A group of young architects and designers has been awarded this year’s Turner Prize, one of the most prestigious art awards in the United Kingdom. The London-based group, called Assemble, was chosen as the recipient because of their work to restore condemned Victorian terraces in Granby Four Streets, a rundown part of Liverpool.
With the help of residents, Assemble created an inexpensive model to make restorations to the terraces. They used found materials to fix things like brick and rubble or handles made from sawdust. So far, ten properties have been refurbished. Assemble is assembled–if you will–of a group of people all under 30 years old, and they were presented with a check for 25,000 pounds at a train station remodeled into an exhibition space in Glasgow, Scotland.
“I think it’s safe to say this nomination was a surprise to all of us,” said Joseph Halligan, a member of the group.
The Turner Prize often provokes discussion about what art is, what its functions are, how it works. The prize is awarded to outstanding works of art, though the shortlist is sometimes full of interesting choices, such as Tracy Emin’s unmade bed piece. The people of Assemble are not necessarily artists–at least they don’t describe themselves that way, which makes them a curious choice for the award’s recipients. But Assemble is okay with that.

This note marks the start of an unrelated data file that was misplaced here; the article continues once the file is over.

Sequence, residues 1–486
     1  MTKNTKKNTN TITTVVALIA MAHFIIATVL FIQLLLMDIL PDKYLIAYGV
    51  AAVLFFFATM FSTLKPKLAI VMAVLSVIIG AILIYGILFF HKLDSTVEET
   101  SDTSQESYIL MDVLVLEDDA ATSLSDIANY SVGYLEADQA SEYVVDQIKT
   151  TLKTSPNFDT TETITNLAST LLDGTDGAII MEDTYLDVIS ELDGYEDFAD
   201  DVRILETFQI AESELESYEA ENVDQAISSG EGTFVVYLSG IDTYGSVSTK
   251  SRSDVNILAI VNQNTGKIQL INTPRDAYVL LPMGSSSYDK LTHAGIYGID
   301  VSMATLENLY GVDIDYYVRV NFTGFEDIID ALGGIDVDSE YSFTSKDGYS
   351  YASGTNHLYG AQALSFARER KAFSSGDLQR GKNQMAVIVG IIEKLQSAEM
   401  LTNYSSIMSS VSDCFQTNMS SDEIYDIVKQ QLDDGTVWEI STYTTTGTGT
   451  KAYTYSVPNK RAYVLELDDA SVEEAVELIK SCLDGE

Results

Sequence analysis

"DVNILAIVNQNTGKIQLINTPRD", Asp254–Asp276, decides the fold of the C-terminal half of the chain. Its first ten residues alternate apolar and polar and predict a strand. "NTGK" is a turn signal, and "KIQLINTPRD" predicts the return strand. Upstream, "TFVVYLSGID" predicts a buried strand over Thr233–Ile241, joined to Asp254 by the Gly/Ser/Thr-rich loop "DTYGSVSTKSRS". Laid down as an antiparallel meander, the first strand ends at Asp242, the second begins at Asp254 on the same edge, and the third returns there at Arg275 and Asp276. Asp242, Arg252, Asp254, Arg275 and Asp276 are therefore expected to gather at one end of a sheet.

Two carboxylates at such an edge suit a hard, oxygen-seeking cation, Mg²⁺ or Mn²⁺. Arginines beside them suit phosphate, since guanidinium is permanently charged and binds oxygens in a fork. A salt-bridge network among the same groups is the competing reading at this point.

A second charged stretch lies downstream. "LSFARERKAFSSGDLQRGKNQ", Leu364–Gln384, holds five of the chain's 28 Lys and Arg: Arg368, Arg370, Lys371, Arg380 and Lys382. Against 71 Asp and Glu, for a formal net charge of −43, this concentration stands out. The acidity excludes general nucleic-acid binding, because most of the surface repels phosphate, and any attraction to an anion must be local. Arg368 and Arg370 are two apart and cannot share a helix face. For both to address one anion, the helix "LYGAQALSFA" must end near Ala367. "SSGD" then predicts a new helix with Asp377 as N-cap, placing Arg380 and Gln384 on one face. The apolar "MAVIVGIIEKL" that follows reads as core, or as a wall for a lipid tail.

“I don’t think we worry too much about whether we’re artists or not,” said Louis Schulz, also a member of Assemble. “For us it’s all about the projects and in this case it’s all about the Granby Workshop.”
The workshop Schulz refers to is a space where local residents learn to create furnishings to sell to the public, a trade many of them can use. All of the funds garnered from the sales are put back into the refurbishment project.
Some people aren’t happy that a group of non-artists were chosen for the most coveted art prize in the UK, and some, like Muriel Gray, chair of the Glasgow School of Art, feel that the selection has “changed the nature of the prize.” But the nature of art is that it’s part of life–and life is often lived in buildings that need some love.